FS: When you’re not at a camp, who are you training with in Park City?
LS: Andy Newell came to Park City after Bend and we trained almost every session together. Sometimes I couldn’t keep up, but he’d come back every half hour or so to say hey. Even if I can’t keep up with them it’s fun to have somebody out there doing the same thing as you. It’s really nice to train with Andy; he always spends time helping me with technique or talking about a question I have for him. He works hard but keeps it super fun.
From living with Tad [Elliott] and Simi [Hamilton] I get to train with them all the time, and Noah [Hoffman] is in town now, too. I have rollerskis with different speeds, and if I want to go with Noah one day I go on the faster skis. It’s good to have training partners, and I need to work on skiing at high speeds as well.
FS: You’re still affiliated with Burke Mountain Academy, but have you ever thought about joining a senior club?
LS: I train with Burke when I’m home, which is rare. It’s certainly crossed my mind that I should maybe have a club team like Stratton, and have a club for more of the year, but I really want to keep my affiliation with Burke. After going there for so long I couldn’t join a different club. They gave me a lot as an athlete and I want to give back to them as much as possible. I trust Pete [Phillips] and Kate [Barton] a lot, even though spring Nationals are the only US races I do these days.
I’ll probably live in Park City until the end of my career because I love it here. The U.S. Ski Team gives me a ton of support — as much as I need.
FS: You’re headed to Europe soon, are you getting excited about that?
LS: Yeah, Kikkan and I are headed over to the Blink Festival, and I’ll be gone about a month in Norway and Sweden.
[The Blink Festival] starts on Thursday with a hill climb that sounds super cool. You take a boat down to this fjord to get to the start area, and then it’s a 1 k flat and 6 k uphill. It should be really fun. Then there’s a 10 k crit-style race where if you get lapped you get pulled. And there’s a sprint on Saturday.
I’ve never done a rollerski race before; it’ll be good training for being fast on skis and learning how to rollerski that fast next to people. I think it’ll be an eye-opener. A lot of Norwegians will be there, and some Italian and Swiss skiers. It’ll be fun to see people in the summer again and just learn how to move fast on the rollers; it’s not something I do that often.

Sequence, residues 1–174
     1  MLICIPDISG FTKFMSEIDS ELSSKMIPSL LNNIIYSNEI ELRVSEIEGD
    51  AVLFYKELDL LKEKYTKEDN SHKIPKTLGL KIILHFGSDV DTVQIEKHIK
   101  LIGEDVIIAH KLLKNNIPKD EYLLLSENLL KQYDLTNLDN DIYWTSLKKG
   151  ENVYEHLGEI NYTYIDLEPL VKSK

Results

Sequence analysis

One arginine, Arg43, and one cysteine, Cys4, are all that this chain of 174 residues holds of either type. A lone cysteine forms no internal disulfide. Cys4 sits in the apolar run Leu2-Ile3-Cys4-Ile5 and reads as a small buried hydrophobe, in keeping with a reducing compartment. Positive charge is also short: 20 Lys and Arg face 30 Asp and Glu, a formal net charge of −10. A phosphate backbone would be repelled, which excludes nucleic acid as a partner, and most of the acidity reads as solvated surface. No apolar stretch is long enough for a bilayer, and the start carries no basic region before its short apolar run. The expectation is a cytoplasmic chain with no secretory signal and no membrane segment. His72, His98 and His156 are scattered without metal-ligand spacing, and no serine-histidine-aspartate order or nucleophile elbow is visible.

FS: And then you’ll have a team camp in Sweden?
LS: We’ll go to Trondheim, Norway, for a week to train with one of Kikkan’s old coaches, and then we’ll spend a week with Anna Haag in Orsa, Sweden, again before meeting the rest of our team and the Swedish team for a 10-day camp in Torsby.
I’m dreaming of the week I get to spend in Orsa again. I love Anna and her family, and the training there last summer was — running through bogs is like the best thing in the world to me.
And it’ll be really cool to have both teams training together; that will be really fun to train with more people, different people, learning new things.
FS: What are your goals for next season?
LS: I guess the main goal for me is to stay healthy and make sure it’s still enjoyable. It was good for me last year; I love being on the road, I love my team, and I stayed healthy. And the results were good.
In terms of results for next year, my goal is to get a top 10 at World Championships, maybe a few top-20s as well. I’d also like to race the Tour de Ski again, but World Champs are the main goal. I want to be in the Red Group all season if possible, and just keep steeping the level up this year. A top-10 on the World Cup would be really good.
The ultimate awesome thing for me in my career would be to win a relay medal with the girls. You and your teammates on a podium together sums up why I do sport. We’ve talked about relay goals and we want to podium at the Olympics. And the next step along the way this year is to shoot for a podium [at World Championships]. We’ll see what happens. Everyone’s got to be healthy, but I think it’s possible.